Chamberlain Goes Distance for the Rockin’ Marathon


At 7-foot-1, Wilt Chamberlain can look down on just about every marathoner. His outlook, however, is just the opposite.

The basketball Hall of Famer is an avid track and field fan, and admires all runners who can go the 26-mile, 385-yard distance. That’s one reason he became involved with the Rock ‘n’ Roll Marathon, which will have its second running May 23 in San Diego.

“The marathon is a perfect outlet for families who want to do things together,” said Chamberlain, the only NBA player to score 100 points in a game. “You can go to a marathon and cheer for your father or your mother or your kid.


“While we’ll have some of the greatest marathoners in the world in this marathon, the race is very much for the amateurs. You do it because you love it. It makes you feel like you’re accomplishing something.”

During his varied athletic career, the 62-year-old Chamberlain ran in the Honolulu Marathon and a 50-mile race in Canada. He also ran cross country in high school in Philadelphia and was an outstanding high jumper and shot putter at Kansas.

“There’s a story I like to tell,” Chamberlain said. “I was the sixth man on my high school cross country team. Only the first five finishers score, and I could never get a point.

“After the season, we went right into basketball. The first game was always against the same team. I would score 55 or 60 points against them. The coach said, ‘How come you always get so many points against us?’ I said, ‘I just finished cross country. I didn’t score any points. I need to get me some points.”’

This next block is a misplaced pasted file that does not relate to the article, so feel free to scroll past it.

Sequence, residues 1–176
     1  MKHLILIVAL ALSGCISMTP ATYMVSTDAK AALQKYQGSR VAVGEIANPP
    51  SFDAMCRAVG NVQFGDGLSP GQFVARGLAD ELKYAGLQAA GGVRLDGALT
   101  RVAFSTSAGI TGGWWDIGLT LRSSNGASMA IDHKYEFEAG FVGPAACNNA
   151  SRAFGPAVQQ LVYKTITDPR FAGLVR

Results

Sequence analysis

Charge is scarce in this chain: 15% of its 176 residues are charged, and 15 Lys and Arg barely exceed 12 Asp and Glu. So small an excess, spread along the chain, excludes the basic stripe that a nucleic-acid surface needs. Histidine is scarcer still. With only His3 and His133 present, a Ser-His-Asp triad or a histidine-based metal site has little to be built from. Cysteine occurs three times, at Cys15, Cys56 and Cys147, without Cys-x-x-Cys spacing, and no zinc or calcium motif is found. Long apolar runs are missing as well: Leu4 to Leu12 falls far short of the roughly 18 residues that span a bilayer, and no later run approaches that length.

Chamberlain got plenty of points during his 14-year NBA career that ended in 1973. He averaged 30.1 points a game for a total 31,419, second to Kareem Abdul-Jabbar (38,387) on the all-time list.

Chamberlain also is making his points with marathoners.

“He respects the sport,” said Tracy Sundlun, executive vice president of Elite Racing, organizer of the Rock ‘n’ Roll Marathon, and coach of one of Chamberlain’s former track teams, Wilt’s WonderWomen. “He’s fascinated by marathon and ultramarathon events. He appreciates the effort they all make.”


Last year’s marathon raised $15.6 million for the Leukemia Society of America and $3 million for other charities.

“Too much of our sports is going in the wrong direction,” Chamberlain said. “This is going in the right vein. What else can you talk about that has such a wholesome ring to it?”

Chamberlain is one of six celebrity founders of the race. Joining him were Frank Shorter, the 1972 Olympic gold medalist in the marathon and 1976 silver medalist; Steve Scott, who has run more sub-four minute miles than anyone in history; actress Amanda Paul, formerly of “Baywatch;” filmmaker Frank Marshall; and Germany’s Uta Pippig, three-time women’s winner of the Boston Marathon.

This year’s race, sponsored by Suzuki, will have 20,000 entries and feature last year’s winners--men’s champion Philip Tarus of Kenya and women’s champion Nadja Ilyina of the Netherlands. With an expected field of 25 sub-2:13 marathoners this time, Sundlun figures the winner will crack the 2:10 barrier.

A total of $100,000 will be awarded in the men’s and women’s divisions, with each winner getting $10,000, plus a Suzuki car, a motorcycle, an outboard motor and an all-terrain vehicle.

Just like last year, there will be a band at each mile. The postrace concert will feature Hootie and the Blowfish.